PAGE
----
EARLY ONSET ALZHEIMER'S DISEASE
Medically speaking, Alzheimer's disease, named after German neurologist Alois Alzheimer in 1864, is also known as senile dementia and is characterized by mental confusion, memory loss, disorientation, restlessness, speech disturbances, the inability to walk or sit properly and sometimes hallucinations. The person afflicted with this disease may often refuse to eat and may be unable to feed oneself and lose control of bowel movements. Under most circumstances, Alzheimer's disease begins in the later years of life after the age of 65 with slight defects in memory and behavior and occurs with equal frequency in men and women. In the human brain, Alzheimer's is based upon certain types of plaque that accumulate in the cerebral cortex and on the surfaces of ganglion cells. Within recent years, treatment for Alzheimer's disease has included specific medications and changes in a person's diet, but the main cause of the disease is still under examination but has been linked to certain chemicals and substances in the environment.
Alzheimer's disease is almost always found in people over the age of 65, but there is another form of the disease known as early onset Alzheimer's which occurs, although very rarely, in persons in their 30's, 40's and early to mid-50's. Exactly why these persons become affected by Alzheimer's is not known, but recent research has suggested that these persons are genetically predisposed to early onset, much like inheriting a specific defective gene that leads to diseases like Parkinson's and Huntington's disorders.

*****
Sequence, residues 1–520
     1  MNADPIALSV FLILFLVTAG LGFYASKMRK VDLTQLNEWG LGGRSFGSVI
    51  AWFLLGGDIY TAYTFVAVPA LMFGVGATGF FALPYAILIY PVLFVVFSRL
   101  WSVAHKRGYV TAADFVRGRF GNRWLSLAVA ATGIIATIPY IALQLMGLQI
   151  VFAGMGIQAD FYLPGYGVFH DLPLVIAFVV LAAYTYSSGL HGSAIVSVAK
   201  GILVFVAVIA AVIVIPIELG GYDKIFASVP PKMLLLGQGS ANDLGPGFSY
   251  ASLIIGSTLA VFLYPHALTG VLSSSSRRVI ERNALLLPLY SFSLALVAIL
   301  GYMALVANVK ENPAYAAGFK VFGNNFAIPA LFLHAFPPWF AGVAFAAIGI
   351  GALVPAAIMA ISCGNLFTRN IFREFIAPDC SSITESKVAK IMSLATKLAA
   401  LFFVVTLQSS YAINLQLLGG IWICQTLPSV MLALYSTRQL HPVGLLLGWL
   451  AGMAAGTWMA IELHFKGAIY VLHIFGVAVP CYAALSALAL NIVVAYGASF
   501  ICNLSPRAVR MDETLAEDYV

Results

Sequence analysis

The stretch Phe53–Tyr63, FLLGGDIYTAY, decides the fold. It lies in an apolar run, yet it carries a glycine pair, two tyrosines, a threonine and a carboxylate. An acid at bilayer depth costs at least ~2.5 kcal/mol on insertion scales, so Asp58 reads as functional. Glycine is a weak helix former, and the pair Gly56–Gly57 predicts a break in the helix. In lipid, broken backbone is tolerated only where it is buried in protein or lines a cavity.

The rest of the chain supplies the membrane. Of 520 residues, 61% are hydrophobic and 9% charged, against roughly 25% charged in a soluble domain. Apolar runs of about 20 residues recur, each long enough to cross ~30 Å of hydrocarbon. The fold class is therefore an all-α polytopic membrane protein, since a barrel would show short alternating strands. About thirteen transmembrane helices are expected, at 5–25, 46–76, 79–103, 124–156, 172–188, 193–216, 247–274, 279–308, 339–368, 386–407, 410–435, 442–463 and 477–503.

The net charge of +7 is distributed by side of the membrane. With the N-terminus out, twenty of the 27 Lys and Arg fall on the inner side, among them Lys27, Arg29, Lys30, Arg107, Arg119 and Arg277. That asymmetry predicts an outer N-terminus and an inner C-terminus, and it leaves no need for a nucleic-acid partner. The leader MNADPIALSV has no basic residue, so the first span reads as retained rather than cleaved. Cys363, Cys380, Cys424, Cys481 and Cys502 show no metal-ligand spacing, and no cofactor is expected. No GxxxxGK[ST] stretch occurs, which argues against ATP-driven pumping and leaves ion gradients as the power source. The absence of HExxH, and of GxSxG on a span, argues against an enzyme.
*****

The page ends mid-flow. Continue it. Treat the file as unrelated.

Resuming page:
Generally, there are seven specific stages that a person afflicted with Alzheimer's experiences within a prescribed length of time, ranging from seven to nine years. These stages are also experienced by those with early onset Alzheimer's and depending upon when the disease begins its progression, the person with early onset may not survive much past the age of sixty. According to the Alzheimer's Association, these seven stages "provide useful frames of reference for understanding how the disease may unfold and for making future plans" when the affected person becomes unable to care for him/herself during the final stages of the disease (2009, "The Warning Signs of Alzheimer's," Internet).
These seven stages are as follows. First, the affected person will generally have no impairment during stage one related to memory and the ability to function normally, both physically and mentally. Upon entering stage two, the affected person will experience very mild cognitive decline which may include lapses in memory, such as forgetting a person's name or being unable to locate common objects used on a daily basis. However, during this stage, friends and family members may not be aware of any cognitive decline and might consider small lapses of memory as nothing out of the ordinary (2009, "The Warning Signs of Alzheimer's," Internet).
In stage three, the affected person will experience mild cognitive decline which unlike stage two will be noticed by friends and family members. Some of the more common traits linked to stage two include a decreased ability to recall the names of familiar persons, a decrease in performance at work or in a social setting, a failure to retain information such as from reading a book, losing one's car keys or wallet, and an inability to plan or organize events, such as a child's birthday party.
In stage four, moderate cognitive decline appears and at this point in the progression, a simple medical examination will reveal deficiencies in the ability to recall recent events and occasions, such as what happened the previous day or even several…